The consultation covers only the staffing ratios; there is no comment made on other requirements that determine how many children can be cared for in any given setting, such as the requirement for a certain amount of space per child, or the number of toilets. Even if providers want to take advantage of a relaxation of staffing ratios, many would face important practical considerations that would prevent them from doing so.

Most importantly of all, relaxing the ratios will increase the risk of a reduction in the quality and safety of provision. Parents have expressed their anxiety about the safety of settings in which staff attention would be stretched thinly across many children; as many a parent of a two-year-old has said, looking after them requires us to have eyes in the back of our head.

Parental anxiety is understandably particularly high among the parents of children with serious allergies and other medical conditions, and the parents of children with special educational needs and disabilities. The policy also has the potential to make settings less inclusive; when settings face the risk of stretching staff more thinly, they may decide that they cannot meet the needs of children who require extra care and attention because they have an allergy, a medical condition or an additional need.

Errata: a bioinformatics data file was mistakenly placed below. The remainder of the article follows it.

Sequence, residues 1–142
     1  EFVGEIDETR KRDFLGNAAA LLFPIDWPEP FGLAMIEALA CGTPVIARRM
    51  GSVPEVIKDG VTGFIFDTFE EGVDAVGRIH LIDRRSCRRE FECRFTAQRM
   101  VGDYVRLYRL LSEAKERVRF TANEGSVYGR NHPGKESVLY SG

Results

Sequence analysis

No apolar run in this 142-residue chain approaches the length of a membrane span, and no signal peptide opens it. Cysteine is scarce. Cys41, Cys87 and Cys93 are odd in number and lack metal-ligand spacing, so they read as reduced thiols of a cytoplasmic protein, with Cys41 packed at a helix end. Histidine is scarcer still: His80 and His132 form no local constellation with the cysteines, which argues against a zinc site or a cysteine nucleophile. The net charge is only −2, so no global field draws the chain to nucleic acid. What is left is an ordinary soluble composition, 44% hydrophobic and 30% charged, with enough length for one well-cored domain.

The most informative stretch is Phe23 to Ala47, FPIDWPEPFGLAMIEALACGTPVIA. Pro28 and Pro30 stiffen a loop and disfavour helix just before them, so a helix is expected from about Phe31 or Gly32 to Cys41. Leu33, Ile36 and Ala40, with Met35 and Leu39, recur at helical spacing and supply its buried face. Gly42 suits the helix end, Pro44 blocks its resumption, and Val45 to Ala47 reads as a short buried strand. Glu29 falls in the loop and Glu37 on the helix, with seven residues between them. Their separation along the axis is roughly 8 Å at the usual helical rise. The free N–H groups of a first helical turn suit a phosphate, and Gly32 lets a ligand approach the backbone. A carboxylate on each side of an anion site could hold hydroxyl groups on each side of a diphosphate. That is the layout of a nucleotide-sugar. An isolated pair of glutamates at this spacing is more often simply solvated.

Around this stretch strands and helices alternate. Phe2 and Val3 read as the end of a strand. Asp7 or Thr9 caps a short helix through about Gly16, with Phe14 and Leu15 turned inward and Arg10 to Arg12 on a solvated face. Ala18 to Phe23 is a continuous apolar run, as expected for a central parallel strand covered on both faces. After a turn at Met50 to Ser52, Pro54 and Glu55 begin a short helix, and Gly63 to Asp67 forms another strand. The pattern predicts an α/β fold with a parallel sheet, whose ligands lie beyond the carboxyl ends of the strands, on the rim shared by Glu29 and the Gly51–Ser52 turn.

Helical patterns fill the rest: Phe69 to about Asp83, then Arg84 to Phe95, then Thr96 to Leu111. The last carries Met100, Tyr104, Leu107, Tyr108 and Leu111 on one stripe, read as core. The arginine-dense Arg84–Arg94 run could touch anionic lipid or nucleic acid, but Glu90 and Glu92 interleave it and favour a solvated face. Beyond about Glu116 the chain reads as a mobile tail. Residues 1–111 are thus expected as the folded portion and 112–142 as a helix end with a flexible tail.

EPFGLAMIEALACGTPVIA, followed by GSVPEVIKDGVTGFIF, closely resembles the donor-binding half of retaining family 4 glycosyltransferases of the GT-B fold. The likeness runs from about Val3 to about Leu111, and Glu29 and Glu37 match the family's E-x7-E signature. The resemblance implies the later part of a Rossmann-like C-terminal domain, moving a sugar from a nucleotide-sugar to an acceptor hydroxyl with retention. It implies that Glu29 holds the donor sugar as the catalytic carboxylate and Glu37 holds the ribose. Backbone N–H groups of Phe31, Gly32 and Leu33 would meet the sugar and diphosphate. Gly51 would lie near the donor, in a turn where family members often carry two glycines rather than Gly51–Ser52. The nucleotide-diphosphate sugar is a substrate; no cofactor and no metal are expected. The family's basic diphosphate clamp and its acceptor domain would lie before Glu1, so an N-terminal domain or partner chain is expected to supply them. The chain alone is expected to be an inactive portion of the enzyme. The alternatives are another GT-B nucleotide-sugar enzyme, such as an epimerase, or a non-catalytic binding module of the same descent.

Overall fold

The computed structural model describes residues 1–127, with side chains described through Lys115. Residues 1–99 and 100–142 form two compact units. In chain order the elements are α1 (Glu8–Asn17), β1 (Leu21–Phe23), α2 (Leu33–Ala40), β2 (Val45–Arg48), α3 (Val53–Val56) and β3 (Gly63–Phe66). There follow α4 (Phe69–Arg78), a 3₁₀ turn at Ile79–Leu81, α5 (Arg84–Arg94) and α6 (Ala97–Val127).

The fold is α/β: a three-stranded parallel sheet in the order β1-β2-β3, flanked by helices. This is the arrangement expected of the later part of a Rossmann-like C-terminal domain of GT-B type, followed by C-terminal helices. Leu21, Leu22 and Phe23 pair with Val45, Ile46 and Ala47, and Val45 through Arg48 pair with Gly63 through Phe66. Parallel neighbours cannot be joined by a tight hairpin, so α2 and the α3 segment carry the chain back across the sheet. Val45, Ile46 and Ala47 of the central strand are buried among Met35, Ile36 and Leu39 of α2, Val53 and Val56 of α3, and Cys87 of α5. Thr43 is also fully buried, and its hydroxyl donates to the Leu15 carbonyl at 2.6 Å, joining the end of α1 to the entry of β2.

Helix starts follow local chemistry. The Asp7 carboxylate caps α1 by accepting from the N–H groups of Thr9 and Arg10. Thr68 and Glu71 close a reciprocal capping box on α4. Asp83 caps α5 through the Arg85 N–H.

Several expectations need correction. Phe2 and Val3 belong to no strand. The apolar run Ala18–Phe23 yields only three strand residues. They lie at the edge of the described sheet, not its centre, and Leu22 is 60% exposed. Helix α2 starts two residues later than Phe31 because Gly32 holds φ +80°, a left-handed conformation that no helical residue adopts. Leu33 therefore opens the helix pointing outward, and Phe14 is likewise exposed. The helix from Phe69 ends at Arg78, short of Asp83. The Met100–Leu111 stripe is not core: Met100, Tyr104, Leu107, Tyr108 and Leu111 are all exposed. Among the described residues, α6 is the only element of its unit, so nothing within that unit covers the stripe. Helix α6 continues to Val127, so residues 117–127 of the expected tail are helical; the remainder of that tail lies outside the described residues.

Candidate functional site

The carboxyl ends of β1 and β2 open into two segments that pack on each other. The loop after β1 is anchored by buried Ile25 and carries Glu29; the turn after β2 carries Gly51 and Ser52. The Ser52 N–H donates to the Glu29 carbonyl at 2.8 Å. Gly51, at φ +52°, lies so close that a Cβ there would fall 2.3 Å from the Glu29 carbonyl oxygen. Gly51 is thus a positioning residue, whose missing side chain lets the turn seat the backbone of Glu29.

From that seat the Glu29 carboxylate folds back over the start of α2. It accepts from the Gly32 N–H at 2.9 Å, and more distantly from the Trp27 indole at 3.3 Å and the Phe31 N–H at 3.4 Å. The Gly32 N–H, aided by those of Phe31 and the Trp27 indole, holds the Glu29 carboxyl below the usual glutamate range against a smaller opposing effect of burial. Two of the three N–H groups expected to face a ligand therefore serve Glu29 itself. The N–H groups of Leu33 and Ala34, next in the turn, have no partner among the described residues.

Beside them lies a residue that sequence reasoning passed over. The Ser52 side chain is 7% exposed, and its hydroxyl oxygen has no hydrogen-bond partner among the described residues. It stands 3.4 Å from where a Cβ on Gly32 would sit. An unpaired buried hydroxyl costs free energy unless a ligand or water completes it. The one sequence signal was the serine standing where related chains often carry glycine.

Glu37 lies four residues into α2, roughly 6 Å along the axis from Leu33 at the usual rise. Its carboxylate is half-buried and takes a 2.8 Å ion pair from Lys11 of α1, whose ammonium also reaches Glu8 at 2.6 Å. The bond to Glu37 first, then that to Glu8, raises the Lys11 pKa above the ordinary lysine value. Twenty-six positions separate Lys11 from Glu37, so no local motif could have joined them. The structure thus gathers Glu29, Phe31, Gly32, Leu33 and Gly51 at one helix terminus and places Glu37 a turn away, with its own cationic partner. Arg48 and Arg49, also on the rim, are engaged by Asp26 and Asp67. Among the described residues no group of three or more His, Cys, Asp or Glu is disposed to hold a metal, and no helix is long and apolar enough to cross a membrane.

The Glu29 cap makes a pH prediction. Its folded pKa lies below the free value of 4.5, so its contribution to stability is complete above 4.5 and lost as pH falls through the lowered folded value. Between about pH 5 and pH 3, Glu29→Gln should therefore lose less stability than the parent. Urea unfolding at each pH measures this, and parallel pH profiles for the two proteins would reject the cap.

I welcome the Minister to her place, and I recognise that she is very new in post. Today, she has heard ample evidence that relaxing ratios would not deliver the Government’s stated objective of reducing the cost of childcare to parents, but would risk the quality and safety of childcare in some settings. She has heard that the suggestion that this policy simply replicates the situation in Scotland and other European countries is incorrect. She has heard that a vast majority of parents and childcare providers are opposed to it, and that Members from across the House share those concerns and have expressed their opposition. I therefore hope that she will confirm that the Government are abandoning these proposals and will turn their attention instead to a serious plan to reduce the cost of childcare for parents, to developing a workforce plan for early years, and to ensuring that every child can access a high-quality early years place, so that they can build a strong foundation for their formal education.

We owe it to Zoe it and Lewis to take their concerns about safety seriously after the unbearable pain that they have suffered. We owe it to every child and family in the country to deliver a childcare system that works for them. In doing so, we will build a firm foundation for a thriving and fair economy.